Hollywood is no BFF to black women


Most AfterEllen.com readers and indeed most observant consumers of pop culture

are aware of how rare quality film and television roles for black actresses

tend to be. Just yesterday, Sarah blogged about the

women of Soul Food, who have gone from lead roles in a compelling

drama to primarily supporting roles, and earlier this week the LA Times

spoke up with an article about Hollywood’s

love for “black best friends.”

While the article doesn’t necessarily break entirely new ground (Spike Lee has been talking about the related

magical negro” phenomenon for years), this unfortunate “BBF” trend —

the casting of a black woman as the “the wise, loyal and often sassy sidekick” to a leading white woman — deserves all

the press attention it can get, in the hopes that it will change. Just think about it:

I love Wanda

in anything she does, thought Stacey Dash

as Dionne was Clueless Cher’s better half, and am becoming a fan of

My Boys best friend Kellee

(now that her character’s story line has moved slightly beyond

finding a man to fly to Italy with her). I also think that sidekicks are often

more interesting and appealing than lead characters (hello, Willow).

But I’d be even more thrilled to see these women in lead roles, and when

I try to think of instances in the reverse — black women with white best

friends — all that comes to mind is Peter, Rudy’s pal on The Cosby

, and I don’t think that counts, no matter how cute they are.

The article references many other examples — The Nanny Diaries, Alias, Miss Congeniality 2 — and

acknowledges that the trend is both a Hollywood “in-joke” and a more serious problem; there are no starring roles for black women on major network television this fall,

and Halle Berry‘s Oscar win hasn’t opened up many doors in the film world. It’s been quite a while since Berry herself had a hit, and I’m guessing it

has more to do with a lack of options than her ample talent.

Even on Grey’s Anatomy, the fantastic Chandra Wilson plays the character who “tells it like it is,” so while Dr. Bailey

is the creation of Shonda Rhimes and

part of one of the most integrated casts around right now, she’s still beholden to the stereotype of black women as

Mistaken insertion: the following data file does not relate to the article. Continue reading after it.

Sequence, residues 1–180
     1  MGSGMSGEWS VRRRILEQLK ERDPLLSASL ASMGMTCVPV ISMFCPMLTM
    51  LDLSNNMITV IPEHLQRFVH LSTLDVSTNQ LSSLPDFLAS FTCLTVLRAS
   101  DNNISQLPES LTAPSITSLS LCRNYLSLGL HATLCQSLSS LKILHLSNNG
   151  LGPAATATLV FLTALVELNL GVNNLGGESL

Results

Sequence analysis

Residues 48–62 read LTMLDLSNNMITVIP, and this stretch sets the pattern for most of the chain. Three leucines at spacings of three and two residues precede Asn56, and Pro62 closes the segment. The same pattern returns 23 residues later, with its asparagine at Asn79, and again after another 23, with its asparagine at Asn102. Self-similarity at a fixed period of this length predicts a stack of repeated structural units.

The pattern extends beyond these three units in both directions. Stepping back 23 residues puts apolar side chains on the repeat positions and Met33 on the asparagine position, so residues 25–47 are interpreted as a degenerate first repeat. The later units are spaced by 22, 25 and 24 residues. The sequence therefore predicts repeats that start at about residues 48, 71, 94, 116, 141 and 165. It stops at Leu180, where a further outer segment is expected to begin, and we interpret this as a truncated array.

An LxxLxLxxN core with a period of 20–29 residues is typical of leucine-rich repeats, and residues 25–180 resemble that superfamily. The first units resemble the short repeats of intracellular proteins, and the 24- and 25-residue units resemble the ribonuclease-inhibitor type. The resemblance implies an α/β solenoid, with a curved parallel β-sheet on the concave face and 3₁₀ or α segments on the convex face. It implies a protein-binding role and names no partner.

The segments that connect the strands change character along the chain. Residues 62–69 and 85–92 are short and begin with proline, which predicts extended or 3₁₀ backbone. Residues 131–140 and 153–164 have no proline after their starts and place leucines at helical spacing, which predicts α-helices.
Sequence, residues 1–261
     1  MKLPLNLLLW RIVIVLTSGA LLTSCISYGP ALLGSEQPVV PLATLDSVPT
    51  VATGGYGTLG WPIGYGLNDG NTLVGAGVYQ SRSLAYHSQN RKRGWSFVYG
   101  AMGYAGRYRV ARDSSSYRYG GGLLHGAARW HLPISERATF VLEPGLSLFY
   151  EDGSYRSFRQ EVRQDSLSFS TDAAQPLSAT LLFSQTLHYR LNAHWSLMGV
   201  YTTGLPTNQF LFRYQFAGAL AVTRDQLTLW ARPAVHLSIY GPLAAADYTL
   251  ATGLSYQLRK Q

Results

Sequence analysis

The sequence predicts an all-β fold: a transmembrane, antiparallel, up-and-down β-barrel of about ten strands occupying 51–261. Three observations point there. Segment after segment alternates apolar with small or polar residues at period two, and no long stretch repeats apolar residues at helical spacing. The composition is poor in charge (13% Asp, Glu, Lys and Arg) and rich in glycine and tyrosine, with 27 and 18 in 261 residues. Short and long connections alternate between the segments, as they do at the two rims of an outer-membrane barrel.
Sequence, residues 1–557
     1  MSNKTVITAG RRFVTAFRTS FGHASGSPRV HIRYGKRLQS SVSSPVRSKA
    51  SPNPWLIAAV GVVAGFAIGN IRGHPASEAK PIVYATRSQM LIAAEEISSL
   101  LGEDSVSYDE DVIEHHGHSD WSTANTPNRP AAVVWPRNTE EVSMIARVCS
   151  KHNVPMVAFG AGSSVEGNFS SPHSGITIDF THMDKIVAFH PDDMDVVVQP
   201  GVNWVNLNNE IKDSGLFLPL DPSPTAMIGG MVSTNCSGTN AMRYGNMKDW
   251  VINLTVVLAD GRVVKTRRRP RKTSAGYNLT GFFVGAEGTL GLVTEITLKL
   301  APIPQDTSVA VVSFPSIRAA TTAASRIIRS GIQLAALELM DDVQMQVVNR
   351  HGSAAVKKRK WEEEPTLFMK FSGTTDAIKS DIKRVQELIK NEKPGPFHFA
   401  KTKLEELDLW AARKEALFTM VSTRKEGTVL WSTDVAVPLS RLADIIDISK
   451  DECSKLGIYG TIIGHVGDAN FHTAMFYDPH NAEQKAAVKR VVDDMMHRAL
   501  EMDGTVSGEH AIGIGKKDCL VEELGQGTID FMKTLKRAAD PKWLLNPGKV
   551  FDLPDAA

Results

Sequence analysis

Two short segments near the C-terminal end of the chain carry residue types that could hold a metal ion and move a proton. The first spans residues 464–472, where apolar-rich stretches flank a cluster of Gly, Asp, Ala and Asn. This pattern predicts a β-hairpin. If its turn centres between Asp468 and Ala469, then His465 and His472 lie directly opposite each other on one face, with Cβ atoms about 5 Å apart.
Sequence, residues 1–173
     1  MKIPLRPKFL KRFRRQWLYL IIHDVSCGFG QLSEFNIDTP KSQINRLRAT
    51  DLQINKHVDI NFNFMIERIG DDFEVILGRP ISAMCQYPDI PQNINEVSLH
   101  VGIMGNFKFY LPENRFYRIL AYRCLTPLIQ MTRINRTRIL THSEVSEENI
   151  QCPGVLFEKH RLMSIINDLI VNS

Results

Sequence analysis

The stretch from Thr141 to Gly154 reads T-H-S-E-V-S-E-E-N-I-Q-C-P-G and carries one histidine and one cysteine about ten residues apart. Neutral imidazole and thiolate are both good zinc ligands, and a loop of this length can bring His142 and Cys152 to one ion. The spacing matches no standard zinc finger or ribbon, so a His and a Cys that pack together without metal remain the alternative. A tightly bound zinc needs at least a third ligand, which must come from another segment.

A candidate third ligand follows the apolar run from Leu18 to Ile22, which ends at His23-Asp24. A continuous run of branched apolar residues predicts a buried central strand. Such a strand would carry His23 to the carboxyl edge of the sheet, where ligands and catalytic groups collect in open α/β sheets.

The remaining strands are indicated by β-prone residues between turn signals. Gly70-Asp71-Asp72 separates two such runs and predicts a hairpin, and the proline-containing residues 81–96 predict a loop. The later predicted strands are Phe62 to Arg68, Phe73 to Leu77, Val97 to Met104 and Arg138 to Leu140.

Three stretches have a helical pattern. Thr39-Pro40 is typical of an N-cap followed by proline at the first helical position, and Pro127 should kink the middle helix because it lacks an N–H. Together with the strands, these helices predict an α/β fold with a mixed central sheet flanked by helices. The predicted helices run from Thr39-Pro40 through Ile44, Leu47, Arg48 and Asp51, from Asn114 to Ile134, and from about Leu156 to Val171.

“experts in the ways of the world” who “comfort, warn or scold” their white best friends. Yes, I’d listen to Bailey or Wilson tell me just about anything, but that’s not the point.

Stewart of My Boys says that “to call this a trend or to say an actress was cast just because of her ethnicity is to negate her contribution,” and the article

describes how Aisha Tyler won her role on whiter-than-white Friends based “strictly on talent.” I understand what Stewart is saying and I’m happy for Tyler,

but to me, ignoring the pattern is patronizing and

wrong, implying that black actresses have the ability to support but not to lead. I hope we can all agree that’s just bollocks.

The same cultural forces that resulted in a certain now-famous feminist publishing under

fabricated initials so as not to alienate boy readers are at work here:

many black audiences will watch predominantly white programs and movies, but once a lead is black, most white audiences are lost. And since Hollywood is all about selling rather than

promoting any sort of cultural progress, black actresses are stuck.

Tyler says that “this trend feels like a consolation prize, but at least these roles are available,” and observes that

“the more roles there are for African Americans, the better.” What do you think, readers? Will more BBFs eventually garner starring roles for black women, or are things going to stay the same? And who would you like to see take the lead?

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